Helen Falda would much rather be with her family, but given where they are, she realizes it’s probably best she remains on the other side of the globe.
They’re in Italy.
They’re quarantined in their homes in the wake of the COVID-19 pandemic, which has already killed more than 6,000 people in Falda’s native country.
Falda, a senior pole vaulter at the University of South Dakota, said this week that she keeps in daily contact with her family — everyone is safe.
“I’m in a better situation, but I’m still worried,” Falda said Tuesday afternoon by phone from Texas, where she is staying with her boyfriend.
The South Dakota Board of Regents announced Tuesday that the state’s universities have moved the rest of the semester online, and Falda and her fellow USD athletes already had their spring seasons canceled.
Without an option to continue her pole vault training in Vermillion, Falda decided to drive down to Texas (a 14-hour drive, rather than a flight) to stay with her boyfriend who has his own pole vault facility.
Falda was one of five USD athletes who traveled to New Mexico two weeks ago for the NCAA Division I Indoor Track & Field Championships. That meet was canceled, but by that point, Falda said she knew it was likely only a matter of time before the coronavirus impacted life in the United States.
“I was living for a few weeks with this weight on my chest that it was going to happen here, because I knew it was already in Italy,” she said.
“All we could do was prepare and be smart.”
It’s the same thing her family has done over in Italy, according to Falda.
The town — with 20,000 residents — where her part of her family lives has been divided into five areas, and the residents in each segment are designated one day a week to venture outside to get groceries, Falda said.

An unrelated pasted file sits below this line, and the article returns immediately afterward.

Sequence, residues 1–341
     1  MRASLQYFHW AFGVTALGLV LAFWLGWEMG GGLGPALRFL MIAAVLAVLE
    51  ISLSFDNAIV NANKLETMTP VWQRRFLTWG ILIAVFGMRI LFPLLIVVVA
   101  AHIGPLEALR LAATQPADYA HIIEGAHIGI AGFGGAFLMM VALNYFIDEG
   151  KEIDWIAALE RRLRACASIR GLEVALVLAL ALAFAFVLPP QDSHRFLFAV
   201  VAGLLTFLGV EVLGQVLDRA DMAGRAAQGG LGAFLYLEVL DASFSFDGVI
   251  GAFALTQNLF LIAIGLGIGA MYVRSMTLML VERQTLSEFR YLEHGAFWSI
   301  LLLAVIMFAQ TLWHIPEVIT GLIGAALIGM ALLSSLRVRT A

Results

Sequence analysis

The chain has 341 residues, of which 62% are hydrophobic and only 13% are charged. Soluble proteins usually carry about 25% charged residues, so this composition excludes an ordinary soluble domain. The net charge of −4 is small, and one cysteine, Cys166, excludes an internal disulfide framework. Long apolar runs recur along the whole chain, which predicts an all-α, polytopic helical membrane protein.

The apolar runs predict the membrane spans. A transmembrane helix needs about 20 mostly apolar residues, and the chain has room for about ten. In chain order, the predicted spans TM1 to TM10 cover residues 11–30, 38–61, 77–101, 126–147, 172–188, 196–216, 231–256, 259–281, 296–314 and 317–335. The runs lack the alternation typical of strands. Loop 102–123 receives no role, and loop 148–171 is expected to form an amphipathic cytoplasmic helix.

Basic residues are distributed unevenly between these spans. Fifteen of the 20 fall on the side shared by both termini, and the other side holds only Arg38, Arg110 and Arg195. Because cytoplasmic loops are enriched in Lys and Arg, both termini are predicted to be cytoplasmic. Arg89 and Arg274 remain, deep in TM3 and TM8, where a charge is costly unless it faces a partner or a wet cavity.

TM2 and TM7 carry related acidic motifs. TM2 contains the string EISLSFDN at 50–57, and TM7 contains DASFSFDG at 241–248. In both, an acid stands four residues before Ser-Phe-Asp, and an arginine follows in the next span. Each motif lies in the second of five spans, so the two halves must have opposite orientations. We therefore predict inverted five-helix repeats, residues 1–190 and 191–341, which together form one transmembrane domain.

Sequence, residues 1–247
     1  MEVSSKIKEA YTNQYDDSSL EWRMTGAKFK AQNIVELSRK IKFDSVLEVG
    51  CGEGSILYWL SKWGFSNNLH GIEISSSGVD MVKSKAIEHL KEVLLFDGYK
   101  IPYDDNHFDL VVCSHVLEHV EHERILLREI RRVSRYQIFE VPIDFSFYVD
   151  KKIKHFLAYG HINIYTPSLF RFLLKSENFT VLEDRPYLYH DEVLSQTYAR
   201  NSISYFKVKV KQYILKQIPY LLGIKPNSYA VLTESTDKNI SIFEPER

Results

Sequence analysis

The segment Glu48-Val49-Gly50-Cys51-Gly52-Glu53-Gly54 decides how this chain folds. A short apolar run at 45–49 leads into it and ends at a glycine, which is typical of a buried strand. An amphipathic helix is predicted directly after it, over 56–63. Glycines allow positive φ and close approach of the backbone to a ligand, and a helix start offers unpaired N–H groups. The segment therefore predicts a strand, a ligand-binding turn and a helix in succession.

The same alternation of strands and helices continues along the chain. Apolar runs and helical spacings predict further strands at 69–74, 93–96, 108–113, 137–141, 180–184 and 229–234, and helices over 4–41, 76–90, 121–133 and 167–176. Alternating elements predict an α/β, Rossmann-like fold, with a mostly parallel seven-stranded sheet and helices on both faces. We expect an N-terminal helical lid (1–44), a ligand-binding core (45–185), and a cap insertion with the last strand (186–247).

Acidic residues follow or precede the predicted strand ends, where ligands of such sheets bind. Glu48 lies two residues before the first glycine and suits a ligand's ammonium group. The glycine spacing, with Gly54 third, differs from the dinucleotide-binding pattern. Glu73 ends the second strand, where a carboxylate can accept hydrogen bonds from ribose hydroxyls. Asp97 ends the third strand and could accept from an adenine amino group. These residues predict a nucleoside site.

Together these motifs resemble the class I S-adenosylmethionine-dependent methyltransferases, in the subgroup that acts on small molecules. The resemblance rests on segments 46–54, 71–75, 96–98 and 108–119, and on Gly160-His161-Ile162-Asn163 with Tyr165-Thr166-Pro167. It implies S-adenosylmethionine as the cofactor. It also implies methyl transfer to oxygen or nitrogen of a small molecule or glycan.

It’s a scary situation for everyone involved, isn’t it?
“It really is,” Falda said. “But it’s been almost a month now, so I’ve gotten used to it.
“Knowing they’re quarantined makes me feel a little bit better.”
The knowledge that her mother works as a nurse in the healthcare field, however, really brings that fear home, according to Falda.
Her mother, Elina, is a nurse and does not deal with COVID-19 patients yet, Falda said, but there’s a strong likelihood that could change.
“They will probably move her soon, because they need more people,” Falda said.
Falda said she hopes to return to South Dakota at the end of this week to continue her pole vault work, in addition to her online courses.
The plan, she said, would be for a small group of vaulters (maybe 1-2 at a time) to compete at a time.
“Track, especially pole vault, is not a sport of contact,” Falda said.
In the meantime, she faces the proposition of not being able to travel to Italy to visit her family for some time — she hopes to this summer.
“That’s what worries me the most. If I wanted to go home, I couldn’t,” Falda said. “I’m on the other side of the world.”
At the same time, she knows her family members will make smart decisions — won’t venture outside when they shouldn’t — and will do everything they can to remain safe, she said.
As much as she’d like to be there, where Falda is now is the best option, she added.
“I think I’m better off here,” Falda said.
All she can do is keep in regular contact with her family and hope for the best, she added.
“Everything will go back to normal again sometime, but hopefully soon,” Falda said.
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